Textile imagery is pervasive in classical literature. An awareness of the craft and technology of weaving and spinning, of the production and consumption of clothing items, and of the social and religious significance of garments is key to the appreciation of how textile and cloth metaphors work as literary devices, their suitability to conceptualize human activities and represent cosmic realities, and their potential to evoke symbolic associations and generic expectations.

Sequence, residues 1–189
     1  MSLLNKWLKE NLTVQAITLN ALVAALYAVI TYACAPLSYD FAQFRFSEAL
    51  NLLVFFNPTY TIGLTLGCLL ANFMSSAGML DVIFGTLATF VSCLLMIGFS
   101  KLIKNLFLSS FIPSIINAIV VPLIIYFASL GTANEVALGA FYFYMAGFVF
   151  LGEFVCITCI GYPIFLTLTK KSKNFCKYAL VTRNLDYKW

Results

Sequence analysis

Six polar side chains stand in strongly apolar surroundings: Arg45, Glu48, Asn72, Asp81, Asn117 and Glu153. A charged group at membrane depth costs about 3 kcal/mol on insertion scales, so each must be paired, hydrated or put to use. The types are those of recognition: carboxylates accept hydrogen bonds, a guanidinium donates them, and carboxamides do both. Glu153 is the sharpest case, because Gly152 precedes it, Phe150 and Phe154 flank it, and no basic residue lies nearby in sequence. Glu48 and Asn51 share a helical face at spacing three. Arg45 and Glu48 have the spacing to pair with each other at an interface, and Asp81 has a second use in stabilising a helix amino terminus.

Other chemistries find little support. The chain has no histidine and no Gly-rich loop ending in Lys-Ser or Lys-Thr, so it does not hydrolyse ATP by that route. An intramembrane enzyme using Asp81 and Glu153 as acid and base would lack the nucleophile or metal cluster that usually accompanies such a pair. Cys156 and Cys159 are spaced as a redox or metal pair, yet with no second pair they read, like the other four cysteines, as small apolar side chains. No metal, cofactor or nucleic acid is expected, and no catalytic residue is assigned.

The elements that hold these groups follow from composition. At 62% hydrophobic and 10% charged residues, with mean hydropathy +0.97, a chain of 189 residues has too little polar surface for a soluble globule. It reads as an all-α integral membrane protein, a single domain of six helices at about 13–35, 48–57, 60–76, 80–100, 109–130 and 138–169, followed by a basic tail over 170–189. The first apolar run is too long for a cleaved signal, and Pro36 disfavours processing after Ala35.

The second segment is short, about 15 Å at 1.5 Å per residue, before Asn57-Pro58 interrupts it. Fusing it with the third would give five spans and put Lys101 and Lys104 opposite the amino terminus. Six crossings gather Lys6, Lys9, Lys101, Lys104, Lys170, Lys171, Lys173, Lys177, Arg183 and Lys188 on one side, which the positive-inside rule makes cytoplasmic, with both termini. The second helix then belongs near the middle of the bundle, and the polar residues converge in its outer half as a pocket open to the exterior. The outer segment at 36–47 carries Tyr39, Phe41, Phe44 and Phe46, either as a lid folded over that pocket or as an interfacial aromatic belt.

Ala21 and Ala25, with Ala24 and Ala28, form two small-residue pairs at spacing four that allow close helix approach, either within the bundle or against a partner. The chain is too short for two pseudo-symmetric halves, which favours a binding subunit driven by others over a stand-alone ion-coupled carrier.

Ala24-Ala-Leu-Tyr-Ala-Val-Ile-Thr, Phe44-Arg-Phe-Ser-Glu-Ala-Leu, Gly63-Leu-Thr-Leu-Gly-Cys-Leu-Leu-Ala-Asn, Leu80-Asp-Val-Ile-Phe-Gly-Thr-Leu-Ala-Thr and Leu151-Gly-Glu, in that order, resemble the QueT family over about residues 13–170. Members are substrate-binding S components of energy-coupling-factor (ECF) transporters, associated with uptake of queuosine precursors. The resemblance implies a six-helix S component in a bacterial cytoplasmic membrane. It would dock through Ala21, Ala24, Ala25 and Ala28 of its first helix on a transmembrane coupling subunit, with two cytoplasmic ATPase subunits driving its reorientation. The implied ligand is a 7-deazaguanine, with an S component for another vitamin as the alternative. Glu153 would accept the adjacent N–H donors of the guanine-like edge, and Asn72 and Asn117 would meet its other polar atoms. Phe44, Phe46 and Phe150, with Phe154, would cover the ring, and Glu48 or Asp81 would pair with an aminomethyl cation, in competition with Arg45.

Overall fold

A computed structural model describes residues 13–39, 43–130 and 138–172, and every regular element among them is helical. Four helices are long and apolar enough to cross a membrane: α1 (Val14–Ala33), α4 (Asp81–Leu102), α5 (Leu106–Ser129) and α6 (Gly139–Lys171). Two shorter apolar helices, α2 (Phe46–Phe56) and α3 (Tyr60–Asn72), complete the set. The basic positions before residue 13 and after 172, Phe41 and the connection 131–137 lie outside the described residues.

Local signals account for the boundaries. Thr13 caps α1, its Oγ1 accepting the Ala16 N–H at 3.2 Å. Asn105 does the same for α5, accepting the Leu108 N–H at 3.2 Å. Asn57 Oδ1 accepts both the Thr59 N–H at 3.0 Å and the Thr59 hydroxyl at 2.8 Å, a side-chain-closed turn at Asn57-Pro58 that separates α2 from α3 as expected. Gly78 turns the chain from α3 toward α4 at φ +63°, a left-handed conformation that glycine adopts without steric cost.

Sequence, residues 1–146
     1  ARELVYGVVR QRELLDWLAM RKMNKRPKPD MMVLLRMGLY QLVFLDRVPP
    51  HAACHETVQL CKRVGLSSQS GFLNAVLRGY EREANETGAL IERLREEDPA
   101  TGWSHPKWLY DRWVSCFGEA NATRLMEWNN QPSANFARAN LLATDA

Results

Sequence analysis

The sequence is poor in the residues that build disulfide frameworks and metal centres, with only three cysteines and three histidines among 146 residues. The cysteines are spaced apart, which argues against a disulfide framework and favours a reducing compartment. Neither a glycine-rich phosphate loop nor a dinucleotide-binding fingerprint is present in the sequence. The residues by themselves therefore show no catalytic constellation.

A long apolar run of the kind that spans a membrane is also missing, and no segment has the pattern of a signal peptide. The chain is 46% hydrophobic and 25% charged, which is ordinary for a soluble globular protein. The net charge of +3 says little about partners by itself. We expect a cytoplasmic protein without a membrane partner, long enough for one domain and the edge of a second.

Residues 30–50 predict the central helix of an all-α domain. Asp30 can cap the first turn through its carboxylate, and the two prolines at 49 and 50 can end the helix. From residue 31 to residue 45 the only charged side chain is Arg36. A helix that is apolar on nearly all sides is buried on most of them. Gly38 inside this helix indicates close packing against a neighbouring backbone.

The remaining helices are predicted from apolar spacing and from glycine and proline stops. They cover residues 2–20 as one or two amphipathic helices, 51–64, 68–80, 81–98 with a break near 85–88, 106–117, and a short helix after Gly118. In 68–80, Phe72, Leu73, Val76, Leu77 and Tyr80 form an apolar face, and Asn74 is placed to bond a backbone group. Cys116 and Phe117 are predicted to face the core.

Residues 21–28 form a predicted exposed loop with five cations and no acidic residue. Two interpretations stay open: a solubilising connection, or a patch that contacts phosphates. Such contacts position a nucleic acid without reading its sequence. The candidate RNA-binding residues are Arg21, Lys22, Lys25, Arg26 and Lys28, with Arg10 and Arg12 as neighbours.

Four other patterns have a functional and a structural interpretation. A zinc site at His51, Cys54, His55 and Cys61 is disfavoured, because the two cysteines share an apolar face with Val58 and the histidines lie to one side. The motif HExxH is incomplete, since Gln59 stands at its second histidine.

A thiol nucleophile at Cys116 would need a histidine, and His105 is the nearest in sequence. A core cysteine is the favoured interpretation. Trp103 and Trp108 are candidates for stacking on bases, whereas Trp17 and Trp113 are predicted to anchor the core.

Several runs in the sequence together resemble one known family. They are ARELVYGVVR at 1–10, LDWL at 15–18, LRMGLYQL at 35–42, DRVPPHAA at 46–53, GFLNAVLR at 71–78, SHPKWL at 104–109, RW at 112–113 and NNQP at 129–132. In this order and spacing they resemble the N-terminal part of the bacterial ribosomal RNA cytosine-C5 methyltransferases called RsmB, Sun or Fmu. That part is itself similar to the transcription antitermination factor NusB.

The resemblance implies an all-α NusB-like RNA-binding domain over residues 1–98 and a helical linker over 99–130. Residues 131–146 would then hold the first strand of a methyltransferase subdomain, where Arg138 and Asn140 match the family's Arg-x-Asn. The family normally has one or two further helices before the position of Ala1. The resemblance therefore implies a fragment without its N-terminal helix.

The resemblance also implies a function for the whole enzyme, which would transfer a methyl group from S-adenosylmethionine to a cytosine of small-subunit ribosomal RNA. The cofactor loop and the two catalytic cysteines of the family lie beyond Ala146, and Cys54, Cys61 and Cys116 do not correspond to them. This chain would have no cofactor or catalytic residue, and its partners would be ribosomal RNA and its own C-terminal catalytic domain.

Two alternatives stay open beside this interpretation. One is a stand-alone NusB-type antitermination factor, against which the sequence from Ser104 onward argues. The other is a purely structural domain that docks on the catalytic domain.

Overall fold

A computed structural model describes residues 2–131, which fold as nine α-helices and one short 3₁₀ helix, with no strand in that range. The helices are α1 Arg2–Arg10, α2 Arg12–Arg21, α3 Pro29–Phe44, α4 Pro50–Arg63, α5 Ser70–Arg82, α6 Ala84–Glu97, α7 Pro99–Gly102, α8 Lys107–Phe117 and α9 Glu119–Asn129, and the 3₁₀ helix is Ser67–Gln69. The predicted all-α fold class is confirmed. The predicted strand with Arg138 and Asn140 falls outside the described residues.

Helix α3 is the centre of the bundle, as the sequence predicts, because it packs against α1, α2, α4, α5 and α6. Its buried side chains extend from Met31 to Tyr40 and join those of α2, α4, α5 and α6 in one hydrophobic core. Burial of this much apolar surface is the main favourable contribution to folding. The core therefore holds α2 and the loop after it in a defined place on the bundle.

Spanning mainly Greek and Latin poetic genres, yet encompassing comparative evidence from other Indo-European languages and literature, these 18 chapters draw a various yet consistent picture of the literary exploitation of the imagery, concepts and symbolism of ancient textiles and clothing. Topics include refreshing readings of tragic instances of deadly peploi and fatal fabrics situate them within a Near Eastern tradition of curse as garment, explore female agency in the narrative of their production, and argue for broader symbolic implications of textile-making within the sphere of natural wealth The concepts and technological principles of ancient weaving emerge as cognitive patterns that, by means of analogy rather than metaphor, are reflected in early Greek mathematic and logical thinking, and in archaic poetics. The significance of weaving technology in early philosophical conceptions of cosmic order is revived by Lucretius’ account of atomic compound structure, where he makes extensive use of textile imagery, whilst clothing imagery is at the center of the sustained intertextual strategy built by Statius in his epic poem, where recurrent cloaks activate a multilayered poetic memory.